Wednesday, November 3, 2010

IQ2 panel debate - Is Britian becoming anti-Christian?

While this debate will primarily interest citizens of the UK, I recommend it for everyone, because the challenges faces by Britian now will eventually have to be met by other socieities in the process of secularising.

George Carey
Focuses on specific examples of Christians being disallowed special exceptions from laws of general application in Britian.

Geoffrey Robertson
Makes the case for equal treatment, and argues that Christians often think the are being persecuted by the state whenever it is merely "insuring that idiosyncratic and bigoted Christians don't bash gays and other minorities at the public expense."

Howard Jacobson
Makes a witty and humorous case that Christianity singlehandedly civilised pagan Britian. You can tell he is an effective author and that he wrote all his comments out in advance.

Matthew Parris
Leads off with a few quips and then launches into an argument for general non-discrimination on ethnic, racial, and religious grounds, and for the historical degradation of this principle on the part of the established churches. "Bashed indeed. We gays know something about being bashed." He ends with "Give them the tolerance that they would never give you, but give them not an inch more." His is the most persuasive speech of this debate, IMHO.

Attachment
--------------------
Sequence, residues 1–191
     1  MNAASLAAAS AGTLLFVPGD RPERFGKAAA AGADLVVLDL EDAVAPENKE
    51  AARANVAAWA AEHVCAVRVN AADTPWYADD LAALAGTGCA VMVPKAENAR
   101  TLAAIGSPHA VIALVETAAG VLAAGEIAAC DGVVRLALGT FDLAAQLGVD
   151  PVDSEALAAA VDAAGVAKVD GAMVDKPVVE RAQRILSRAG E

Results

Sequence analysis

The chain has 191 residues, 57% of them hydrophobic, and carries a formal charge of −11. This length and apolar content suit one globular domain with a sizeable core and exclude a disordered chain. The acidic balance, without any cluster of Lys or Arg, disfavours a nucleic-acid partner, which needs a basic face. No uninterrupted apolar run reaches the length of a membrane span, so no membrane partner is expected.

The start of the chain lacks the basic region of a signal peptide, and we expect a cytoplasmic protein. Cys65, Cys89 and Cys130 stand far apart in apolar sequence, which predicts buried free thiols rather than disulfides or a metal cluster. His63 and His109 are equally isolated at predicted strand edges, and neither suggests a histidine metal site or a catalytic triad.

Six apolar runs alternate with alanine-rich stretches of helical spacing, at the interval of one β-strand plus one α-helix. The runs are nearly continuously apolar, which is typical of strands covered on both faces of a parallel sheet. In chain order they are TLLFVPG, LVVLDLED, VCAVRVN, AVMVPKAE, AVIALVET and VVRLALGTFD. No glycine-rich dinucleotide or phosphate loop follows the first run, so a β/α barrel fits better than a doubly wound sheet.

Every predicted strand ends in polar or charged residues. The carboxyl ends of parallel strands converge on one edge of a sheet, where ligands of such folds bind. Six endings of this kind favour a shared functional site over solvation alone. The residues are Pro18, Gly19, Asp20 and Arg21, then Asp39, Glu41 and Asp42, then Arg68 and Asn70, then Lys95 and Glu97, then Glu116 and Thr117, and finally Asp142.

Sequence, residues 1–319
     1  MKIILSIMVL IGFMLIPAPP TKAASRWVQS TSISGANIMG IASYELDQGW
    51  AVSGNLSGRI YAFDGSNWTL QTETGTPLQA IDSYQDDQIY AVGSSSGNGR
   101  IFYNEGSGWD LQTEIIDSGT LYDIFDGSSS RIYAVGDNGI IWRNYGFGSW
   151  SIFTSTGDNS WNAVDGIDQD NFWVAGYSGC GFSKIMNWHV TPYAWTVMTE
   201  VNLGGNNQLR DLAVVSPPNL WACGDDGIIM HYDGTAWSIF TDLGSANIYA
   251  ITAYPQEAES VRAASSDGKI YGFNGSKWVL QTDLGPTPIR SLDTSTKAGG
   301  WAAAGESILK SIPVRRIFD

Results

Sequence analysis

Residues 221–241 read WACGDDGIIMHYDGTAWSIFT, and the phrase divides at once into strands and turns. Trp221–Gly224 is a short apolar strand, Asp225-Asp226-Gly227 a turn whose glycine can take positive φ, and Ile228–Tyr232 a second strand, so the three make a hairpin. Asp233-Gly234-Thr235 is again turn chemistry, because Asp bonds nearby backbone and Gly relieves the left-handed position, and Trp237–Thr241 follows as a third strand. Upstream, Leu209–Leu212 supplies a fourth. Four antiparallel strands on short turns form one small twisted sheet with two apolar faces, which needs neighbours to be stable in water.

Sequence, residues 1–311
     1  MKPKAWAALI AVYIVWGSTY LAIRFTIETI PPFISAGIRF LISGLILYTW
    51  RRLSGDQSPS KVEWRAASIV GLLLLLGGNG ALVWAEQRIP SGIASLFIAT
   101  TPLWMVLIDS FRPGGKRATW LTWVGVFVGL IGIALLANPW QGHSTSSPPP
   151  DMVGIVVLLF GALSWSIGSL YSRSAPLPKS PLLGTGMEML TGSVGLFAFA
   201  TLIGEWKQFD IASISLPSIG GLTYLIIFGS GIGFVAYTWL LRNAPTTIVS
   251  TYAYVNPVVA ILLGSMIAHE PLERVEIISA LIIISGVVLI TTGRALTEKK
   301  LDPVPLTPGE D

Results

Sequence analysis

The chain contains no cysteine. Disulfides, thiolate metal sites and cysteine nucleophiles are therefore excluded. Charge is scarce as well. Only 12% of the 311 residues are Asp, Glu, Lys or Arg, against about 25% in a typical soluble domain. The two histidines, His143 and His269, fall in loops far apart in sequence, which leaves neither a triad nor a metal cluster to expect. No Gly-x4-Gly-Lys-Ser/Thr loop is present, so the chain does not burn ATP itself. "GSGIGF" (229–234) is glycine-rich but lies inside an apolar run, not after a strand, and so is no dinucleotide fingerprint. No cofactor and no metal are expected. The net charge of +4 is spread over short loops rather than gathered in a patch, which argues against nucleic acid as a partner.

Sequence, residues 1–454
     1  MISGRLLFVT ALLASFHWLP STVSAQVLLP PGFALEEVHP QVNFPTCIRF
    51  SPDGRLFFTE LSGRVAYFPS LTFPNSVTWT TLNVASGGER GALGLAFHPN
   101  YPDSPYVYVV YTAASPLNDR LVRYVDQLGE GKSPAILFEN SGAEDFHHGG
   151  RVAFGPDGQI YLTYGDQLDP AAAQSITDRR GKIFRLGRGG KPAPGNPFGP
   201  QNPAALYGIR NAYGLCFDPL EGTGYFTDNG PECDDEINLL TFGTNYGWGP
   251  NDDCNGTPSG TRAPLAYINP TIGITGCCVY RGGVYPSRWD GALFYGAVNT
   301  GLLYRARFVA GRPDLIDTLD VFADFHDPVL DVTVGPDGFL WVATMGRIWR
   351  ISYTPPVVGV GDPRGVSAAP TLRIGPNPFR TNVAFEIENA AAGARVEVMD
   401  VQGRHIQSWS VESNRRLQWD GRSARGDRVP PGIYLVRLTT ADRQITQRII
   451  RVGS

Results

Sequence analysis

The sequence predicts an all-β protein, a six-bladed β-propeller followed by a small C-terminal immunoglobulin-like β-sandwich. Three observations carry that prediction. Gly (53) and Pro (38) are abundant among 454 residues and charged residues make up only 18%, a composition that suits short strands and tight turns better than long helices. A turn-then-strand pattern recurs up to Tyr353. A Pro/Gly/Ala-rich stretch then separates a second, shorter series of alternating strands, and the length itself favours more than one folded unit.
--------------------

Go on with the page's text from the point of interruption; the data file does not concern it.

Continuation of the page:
Peter Hitchens
First he humorously mocks his opponents, and goes on to lead the audience in prayer and exhort them to humlity. From there it gets even more bizarre.

Antony Sutch
This benedictine monk makes an argument which has to be heard to be believed. He asserts that Britian is a generally tolerant place, and not to worry overmuch about the increasing diversity of thought and belief.

The listener can safely skip past the Q&A period, which was most often either pointless or embarrassing (or both) and move on the closing statements at 1:33 or thereabouts.

This debate provides Americans with a glimpse of the rearguard action that Christians will invariably mount in the face of increasing societal and political irrelevance, which we've already seen here in popular works such as this one.

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